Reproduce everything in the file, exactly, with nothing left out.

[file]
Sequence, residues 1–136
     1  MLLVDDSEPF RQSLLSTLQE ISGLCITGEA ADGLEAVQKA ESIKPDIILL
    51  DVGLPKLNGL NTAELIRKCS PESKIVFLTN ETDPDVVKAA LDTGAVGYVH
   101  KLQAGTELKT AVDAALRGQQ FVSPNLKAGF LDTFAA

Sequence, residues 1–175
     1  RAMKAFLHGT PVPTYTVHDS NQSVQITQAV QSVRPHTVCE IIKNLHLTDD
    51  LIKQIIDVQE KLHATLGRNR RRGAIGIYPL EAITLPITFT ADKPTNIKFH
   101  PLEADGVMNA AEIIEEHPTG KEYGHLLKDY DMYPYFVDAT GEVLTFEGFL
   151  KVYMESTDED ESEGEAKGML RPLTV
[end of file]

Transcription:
Sequence, residues 1–136
     1  MLLVDDSEPF RQSLLSTLQE ISGLCITGEA ADGLEAVQKA ESIKPDIILL
    51  DVGLPKLNGL NTAELIRKCS PESKIVFLTN ETDPDVVKAA LDTGAVGYVH
   101  KLQAGTELKT AVDAALRGQQ FVSPNLKAGF LDTFAA

Sequence, residues 1–175
     1  RAMKAFLHGT PVPTYTVHDS NQSVQITQAV QSVRPHTVCE IIKNLHLTDD
    51  LIKQIIDVQE KLHATLGRNR RRGAIGIYPL EAITLPITFT ADKPTNIKFH
   101  PLEADGVMNA AEIIEEHPTG KEYGHLLKDY DMYPYFVDAT GEVLTFEGFL
   151  KVYMESTDED ESEGEAKGML RPLTV